We’re not very adventurous in the cooking – brilliant potatoes make a wonderful corn beef hash, corned beef makes a passable Spaghetti Bolognese, omelettes are frequent and you can do amazing things with a tin of tuna. But with no fridge, cooking and shopping is a day to day business and require much planning. We’re ¾ veggie and meat is a treat because we’re not brave enough yet to face the butchers but I have been promised best fillet cut directly from the cow for £2 / kilo. My Mum used to scrub meat bought in the market in the 1950s. I can do the same. We treat ourselves to a bottle of beer every second day and this weekend bought our first tiny bottle of Ugandan Warangi Gin but that’s the slippery slope so it’s a real treat. Good though! A teacher bought us some red banana wine made in this town which we opened this weekend with a friend – very passable if you think Harvey’s Bristol Cream. Amazing what you can do with the humble banana. We’ll try the Pineapple wine next. Once or twice a week we go to a local bar and have a beer and a Goat Brochette (kebab). They’re sold everywhere and can be very tasty.

Electricity is generally stable but we have the candles ready and it rarely goes out for more than a few minutes. We pull down the mosquito net, pack the bags for the morning, watch a film or a half an hour of “Yes Minister” or similar on the laptop and into bed by 9-30pm and are generally asleep by “9-35pm.

So our daily life has its challenges but considerably more rewards, privileges and joys. It makes us feel alive, more alive than ever we were in Wallington and that’s not bad for one 60 year old and one following up in a week or two. We’d like to have used the bus pass on the Stella Express but I don’t think they’d have it!!!!

Keep watching this space!!!!

Saturday, March 12, 2011

Seeing the wood for the trees

A typical welcome from primary children
Click on picture to start video

Whenever times get hard and they often do here, all we have to do is visit a school and see the children and the spirits are lifted. We have started working in a Groupe Scolaire School in Rwamagana. In order to meet the Millenium Goals and their own 2020 Vision Statement, the Rwanda Government have extended most primary schools to include three years of secondary. Some of these schools are as big as 2,500 children in a double shift and the teachers work with two lots of kids from 7am to 5pm.

Generally when we enter a school, it will create an enormous fuss but after a few visits things settle down. These children have rarely seen a white person in real life let alone be able to shake their hands and stroke their arms to see if they really have any skin. Multiply that by a thousand and you can imagine the commotion. Well, that's at breaktime but when we enter the classes, we nearly always have the same reception. They all stand and say "Welcome, our visitors, we are fine." Tell them to sit down and they reply "We are sitting down". Then there's the welcome song in English, French and Kinyarwanda. The smiles on the faces are infectious and the love of learning in such challenging circumstances can only be admired. English school children have a lot to learn about motivation and the thirst for knowledge.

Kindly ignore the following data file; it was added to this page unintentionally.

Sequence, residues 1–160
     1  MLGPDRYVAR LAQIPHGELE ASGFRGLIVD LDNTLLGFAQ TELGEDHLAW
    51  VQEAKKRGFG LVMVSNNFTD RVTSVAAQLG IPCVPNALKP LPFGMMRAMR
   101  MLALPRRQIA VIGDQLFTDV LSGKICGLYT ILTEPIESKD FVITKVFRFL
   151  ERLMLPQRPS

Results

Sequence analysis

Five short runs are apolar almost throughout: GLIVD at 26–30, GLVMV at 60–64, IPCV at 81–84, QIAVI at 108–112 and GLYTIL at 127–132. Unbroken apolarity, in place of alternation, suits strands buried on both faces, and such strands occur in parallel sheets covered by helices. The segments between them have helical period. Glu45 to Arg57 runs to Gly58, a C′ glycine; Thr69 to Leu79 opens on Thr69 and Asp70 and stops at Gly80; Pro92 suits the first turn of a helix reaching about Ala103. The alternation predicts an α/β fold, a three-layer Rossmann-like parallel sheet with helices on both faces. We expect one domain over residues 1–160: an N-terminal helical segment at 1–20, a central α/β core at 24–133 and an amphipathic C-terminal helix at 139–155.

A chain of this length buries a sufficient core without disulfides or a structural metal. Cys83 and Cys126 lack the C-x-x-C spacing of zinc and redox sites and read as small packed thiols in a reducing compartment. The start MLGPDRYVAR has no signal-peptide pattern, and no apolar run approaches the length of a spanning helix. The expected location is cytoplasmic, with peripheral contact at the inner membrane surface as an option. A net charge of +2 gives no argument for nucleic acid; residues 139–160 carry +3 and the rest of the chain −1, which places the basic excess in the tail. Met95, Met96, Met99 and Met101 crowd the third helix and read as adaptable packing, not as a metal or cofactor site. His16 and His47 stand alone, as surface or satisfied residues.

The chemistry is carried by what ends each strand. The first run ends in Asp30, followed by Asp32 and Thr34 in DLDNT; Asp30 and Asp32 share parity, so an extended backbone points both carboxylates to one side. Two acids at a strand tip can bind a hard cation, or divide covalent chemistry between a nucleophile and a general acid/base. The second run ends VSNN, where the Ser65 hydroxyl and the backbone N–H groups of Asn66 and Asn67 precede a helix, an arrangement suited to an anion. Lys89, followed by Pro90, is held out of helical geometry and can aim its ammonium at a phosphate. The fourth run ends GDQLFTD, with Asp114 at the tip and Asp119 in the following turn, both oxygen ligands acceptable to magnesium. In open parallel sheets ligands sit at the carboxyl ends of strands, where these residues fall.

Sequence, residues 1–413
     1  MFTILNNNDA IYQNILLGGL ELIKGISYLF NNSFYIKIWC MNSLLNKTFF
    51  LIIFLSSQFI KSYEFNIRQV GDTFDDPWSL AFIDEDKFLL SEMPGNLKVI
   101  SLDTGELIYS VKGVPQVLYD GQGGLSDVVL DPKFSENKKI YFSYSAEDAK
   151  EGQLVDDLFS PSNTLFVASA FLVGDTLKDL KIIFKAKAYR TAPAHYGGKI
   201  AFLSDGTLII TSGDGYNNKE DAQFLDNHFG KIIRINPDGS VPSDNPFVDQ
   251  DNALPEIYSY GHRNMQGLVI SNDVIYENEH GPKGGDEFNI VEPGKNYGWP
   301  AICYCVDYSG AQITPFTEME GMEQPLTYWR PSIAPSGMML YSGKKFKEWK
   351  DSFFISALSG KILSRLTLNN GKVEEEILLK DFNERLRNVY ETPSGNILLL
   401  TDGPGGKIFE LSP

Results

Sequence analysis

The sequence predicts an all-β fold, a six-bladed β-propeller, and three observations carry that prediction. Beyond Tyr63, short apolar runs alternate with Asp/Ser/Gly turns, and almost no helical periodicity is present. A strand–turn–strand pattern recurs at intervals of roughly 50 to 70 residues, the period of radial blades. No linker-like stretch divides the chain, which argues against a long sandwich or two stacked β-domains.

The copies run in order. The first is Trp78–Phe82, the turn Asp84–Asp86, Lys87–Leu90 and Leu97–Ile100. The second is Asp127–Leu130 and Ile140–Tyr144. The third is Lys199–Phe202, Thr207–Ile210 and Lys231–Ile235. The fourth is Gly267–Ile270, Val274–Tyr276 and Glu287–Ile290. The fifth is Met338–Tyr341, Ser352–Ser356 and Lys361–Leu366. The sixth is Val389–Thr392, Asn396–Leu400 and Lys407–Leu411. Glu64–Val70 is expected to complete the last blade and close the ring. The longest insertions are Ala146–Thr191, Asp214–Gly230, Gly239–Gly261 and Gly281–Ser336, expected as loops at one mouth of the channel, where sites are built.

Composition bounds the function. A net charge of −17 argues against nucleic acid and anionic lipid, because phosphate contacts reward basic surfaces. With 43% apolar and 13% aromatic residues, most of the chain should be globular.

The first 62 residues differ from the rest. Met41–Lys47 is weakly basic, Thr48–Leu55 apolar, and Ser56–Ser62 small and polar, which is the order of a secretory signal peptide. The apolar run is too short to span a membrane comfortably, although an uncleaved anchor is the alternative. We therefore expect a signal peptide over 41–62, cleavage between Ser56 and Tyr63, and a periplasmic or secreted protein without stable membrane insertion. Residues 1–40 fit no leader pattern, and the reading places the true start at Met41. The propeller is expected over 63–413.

All teaching is now done in English with only a few months notice. Most of the teachers are a few pages ahead of the children and it seems to be working. We have enormous admiration for the tenacity and bravery of a country which has taken its own future in its hands with some help from others and, through its children, has taken on board the need for developping the skills of its young people to create a better world for them in the future.

We are looking forward to a brand new office in a couple of months but in the meanwhile we are working in the back of a container truck. The few staff in the office are very busy and it's been difficult to arrange a meeting to organise a our work but finally it's happened and we are on the right track. We've planned a number of workshops including several for newly qualified teachers in different parts of the District, two days for newly appointed Headteachers from all over the District and a series of one day workshops for Heads in each of the sectors throughout the District. In addition we have started working with quite a few individual schools as well as doing orientation visits to find out more about the area.

In the last few days we have been compiling statistics about schools, numbers of students and teachers and have produced an 11 page spreadsheet. Still a lot more to be done on that but it will be a useful tool for the office and the Ministry.

In Guyana, we used to go to schools by bicycle, taxi, Ministry vehicle and more often than not boats. Here it's quite different. The schools in the town are generally walking distance but widespread so we seem to be constantly walking. That's fine in the morning but changing over to another school in the afternoon can be rather warm. The alternative is a moto - pillion on a motor cycle taxi. Relatively cheap but for the longer distances with hills and potholes rather hazardous and hard on the body. The longest we've done is an 80 minute return journey, weaving all over the place on a red road with grooves, potholes and other hazards such as children all over the place. We're working up to the 2 hour ones. As you can imagine we are feeling fitter and losing weight. The positive side is that the countryside is stunning with ever inch of its thousand hills cultivated and the welcome is unimagineable in most schools so it's really worth it.

Most of the schools are built in the same style with an enormous courtyard / field / garden / play area in the middle with classrooms all round the edges. Generally classes are in straight rows with a blackboard full length on one wall. Class sizes can be as much as 60 for the lower primary and sometimes that in later years but there is a considerable dropout in the years in between. We have not seen any poor behaviour but claases that listen to their teacher with respect and which cooperate whatever the standard of the lesson. About one third of the schools are private and fee paying, often parental coperatives.